We’ve all been there: stuck in the woods on some middle-of-nowhere trail with your back end at the bottom of a deep, snowy embankment. There’s not a soul within 20 miles and you didn’t want to buy a winch for your machine. You just don’t get yourself into these situations… usually.
So now you have two options. You can either sit and freeze to death in the unheated cab of your UTV, or you can start walking and hope you at least have your big toes left by the time you find some help.
How about you take option three? You can still get yourself out of this bind—and keep your toes, too! You just need to make your own winch using some basic tools. (Let’s just hope your winch-averting habits don’t extend to your toolbox, too.)
Here are some tried-and-true DIY methods for getting your off-road vehicle unstuck if you don’t have a winch on hand.
The term “Redneck Winch” covers a lot of different winching techniques. The one we’re talking about today is nice and simple. It only requires rope, which is super convenient, but it has some major limitations.
1. Get your rope. That’s easy enough!
2. Loop one end of the rope through whichever wheel is facing the direction you want to go. If you’re nose first in the ditch, you’ll attach it to your rear wheel. If you’re butt first, you’ll attach it to your front wheel. Note that the wheel you attach it to must receive power, so if you have two-wheel drive, you’ll need to go with one of the wheels that receives power—even if it’s at the bottom of the ditch.
3. Make sure your rope has enough room to get around your brake calipers. Otherwise, you’ll tear something up.
4. Anchor your rope. You’ll need to find something that’s perfectly in line with the wheel you’ve tied it to. That’s because your winch works by spooling the rope around your tire. You’ll only be able to get that rope to spool if it’s pretty much straight on. No fairlead here!
5. If you want to, and if you have enough rope, you can repeat this process on the opposite wheel. It’ll make the “winch” twice as likely to work and double your pulling power.
6. Next, give your machine some gas. Go as slow and steady as you can. If your anchor point is perfectly straight on, the rope should spool up easily and you’ll begin to winch yourself out! If you’re not perfectly straight on, the rope will probably slip off the tire and slacken at some point. Don’t worry if this happens—just check to make sure it’s not wrapping around your axle, or else you might end up tearing apart your boot.
7. If your rope slips, line it up again. Try to wedge it between some big lugs if you’ve got them. But remember, if the angle to your anchor point is bad enough, you’ll only get through a couple tire rotations before it slips again.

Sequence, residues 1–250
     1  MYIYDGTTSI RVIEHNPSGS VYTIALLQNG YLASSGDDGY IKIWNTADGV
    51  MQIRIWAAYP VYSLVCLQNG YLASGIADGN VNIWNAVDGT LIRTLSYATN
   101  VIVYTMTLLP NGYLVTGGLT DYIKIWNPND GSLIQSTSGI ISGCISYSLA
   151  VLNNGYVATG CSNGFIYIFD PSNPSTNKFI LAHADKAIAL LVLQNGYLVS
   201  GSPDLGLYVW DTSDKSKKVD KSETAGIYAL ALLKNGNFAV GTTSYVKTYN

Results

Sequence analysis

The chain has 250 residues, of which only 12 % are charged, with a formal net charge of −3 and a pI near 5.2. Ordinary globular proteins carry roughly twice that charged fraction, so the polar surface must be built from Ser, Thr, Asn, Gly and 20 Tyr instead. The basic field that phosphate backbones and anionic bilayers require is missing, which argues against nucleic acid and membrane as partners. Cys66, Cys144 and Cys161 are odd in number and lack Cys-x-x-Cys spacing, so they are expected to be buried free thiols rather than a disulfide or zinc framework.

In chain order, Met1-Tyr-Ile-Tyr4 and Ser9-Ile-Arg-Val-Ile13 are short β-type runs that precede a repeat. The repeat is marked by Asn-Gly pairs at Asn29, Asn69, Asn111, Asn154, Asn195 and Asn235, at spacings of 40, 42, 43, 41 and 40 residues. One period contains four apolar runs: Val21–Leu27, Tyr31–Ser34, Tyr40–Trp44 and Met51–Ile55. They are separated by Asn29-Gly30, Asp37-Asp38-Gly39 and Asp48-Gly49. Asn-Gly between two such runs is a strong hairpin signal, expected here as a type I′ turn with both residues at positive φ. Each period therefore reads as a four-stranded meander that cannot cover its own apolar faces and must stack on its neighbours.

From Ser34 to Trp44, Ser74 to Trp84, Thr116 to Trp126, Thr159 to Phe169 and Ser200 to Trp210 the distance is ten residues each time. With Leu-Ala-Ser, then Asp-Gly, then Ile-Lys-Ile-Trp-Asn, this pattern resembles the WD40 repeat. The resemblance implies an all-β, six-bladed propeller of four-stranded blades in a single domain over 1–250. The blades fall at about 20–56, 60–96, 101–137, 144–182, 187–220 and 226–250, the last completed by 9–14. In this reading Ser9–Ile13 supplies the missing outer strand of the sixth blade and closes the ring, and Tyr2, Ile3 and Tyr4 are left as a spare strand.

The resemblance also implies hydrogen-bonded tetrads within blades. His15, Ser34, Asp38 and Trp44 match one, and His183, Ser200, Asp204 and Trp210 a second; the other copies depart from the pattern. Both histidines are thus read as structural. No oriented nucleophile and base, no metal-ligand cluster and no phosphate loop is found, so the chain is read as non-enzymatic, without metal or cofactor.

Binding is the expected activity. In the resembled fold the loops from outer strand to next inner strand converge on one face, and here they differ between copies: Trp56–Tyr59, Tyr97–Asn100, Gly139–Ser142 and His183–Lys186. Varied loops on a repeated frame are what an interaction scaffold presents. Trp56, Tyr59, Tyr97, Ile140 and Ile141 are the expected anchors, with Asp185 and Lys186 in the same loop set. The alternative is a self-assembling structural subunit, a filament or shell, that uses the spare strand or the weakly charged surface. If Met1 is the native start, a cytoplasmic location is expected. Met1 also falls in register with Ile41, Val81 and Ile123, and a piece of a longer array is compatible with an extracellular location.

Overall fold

And that’s it! Hopefully the Redneck Winch method is enough to get you out. This technique works best when you’re just barely stuck, or when you need to move across flat ground until you can find traction on a better surface.
If the Redneck Winch doesn’t get the job done, you can try out this much more effective (yet slower, more difficult, and more dangerous…) home-grown winch. It’s called the Flip-Flop Winch. This one requires more than just a rope, but not too much more.
1. Start with a rope—preferably one that’s rated to 3500 pounds or more. You’ll also need two poles. I’m guessing you didn’t bring those with you, so you’ll have to track some down. Look for living hardwood that’s no smaller than 5 inches in diameter and at least 6 feet long.
2. Tie your vehicle off to an anchor point. Unlike the Redneck Winch, this method doesn’t require that you get your anchor point perfectly straight. But remember that winching in a straight line is always easiest, so it doesn’t hurt. Make sure you use some good knots that can stand up to a lot of force.
3. Now comes the complicated part. Lay your poles on the rope midway between the vehicle and the anchor point. They should make an off-center cross, crossing each other about one foot from the ends. One pole should be parallel with the rope and the other should be perpendicular. The pole that’s parallel should be the stronger of the two poles, and it should be on top. For explanation purposes, the pole on top is your lever pole. The pole on bottom is your drum pole.
4. From your anchor point, run the rope over the drum pole at the short end. Then go back under the drum pole and over the lever pole at the short end. Finally, go under the drum pole and onto your vehicle. Clear as mud? Here’s a visual to help:
5. The final step is to winch it! To do this, just flip the lever arm to the other side of the contraction, then flop the drum arm. Then repeat. You’ll want to cinch the rope up a little bit after your first couple flips and flops, but after that, you’re golden.
This method gets tougher (and more dangerous) with each flip and flop. That’s because the poles tend to push back as the tension builds. Also, they could snap at any time and whack you. But hey—at least you’re not spending the night in a ditch!
If you’re OK with a few scrapes and bruises, a black eye, possibly a broken arm, and a bunch of wasted time, this is the DIY winching method for you.
There’s one other thing you could do that’s much quicker, easier, and safer. You could just buy a winch right now, before you get stuck. We’ve got some Black Ops Winches that are up for the task.
Here’s how to use one:
1. Anchor your rope.
2. Press the button on your winch remote.
3. End of story.